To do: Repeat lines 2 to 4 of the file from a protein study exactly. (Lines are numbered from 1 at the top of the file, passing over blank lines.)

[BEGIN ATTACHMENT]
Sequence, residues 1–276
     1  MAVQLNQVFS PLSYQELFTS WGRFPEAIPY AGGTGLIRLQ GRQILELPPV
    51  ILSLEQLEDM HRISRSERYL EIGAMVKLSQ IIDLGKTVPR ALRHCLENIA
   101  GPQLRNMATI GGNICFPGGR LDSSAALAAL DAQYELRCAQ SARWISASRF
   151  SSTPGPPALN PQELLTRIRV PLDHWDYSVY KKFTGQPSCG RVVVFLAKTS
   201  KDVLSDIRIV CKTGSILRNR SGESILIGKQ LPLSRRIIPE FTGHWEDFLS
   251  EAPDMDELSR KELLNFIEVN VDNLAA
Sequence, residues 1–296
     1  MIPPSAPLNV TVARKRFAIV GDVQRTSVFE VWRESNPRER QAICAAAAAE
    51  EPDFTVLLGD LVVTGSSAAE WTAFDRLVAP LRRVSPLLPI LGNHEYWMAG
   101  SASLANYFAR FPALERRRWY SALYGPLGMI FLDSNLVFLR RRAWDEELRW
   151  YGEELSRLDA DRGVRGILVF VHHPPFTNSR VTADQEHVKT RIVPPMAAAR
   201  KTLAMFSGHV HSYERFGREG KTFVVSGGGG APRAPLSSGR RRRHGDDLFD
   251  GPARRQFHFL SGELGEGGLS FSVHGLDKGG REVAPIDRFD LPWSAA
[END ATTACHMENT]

     1  MAVQLNQVFS PLSYQELFTS WGRFPEAIPY AGGTGLIRLQ GRQILELPPV
    51  ILSLEQLEDM HRISRSERYL EIGAMVKLSQ IIDLGKTVPR ALRHCLENIA
   101  GPQLRNMATI GGNICFPGGR LDSSAALAAL DAQYELRCAQ SARWISASRF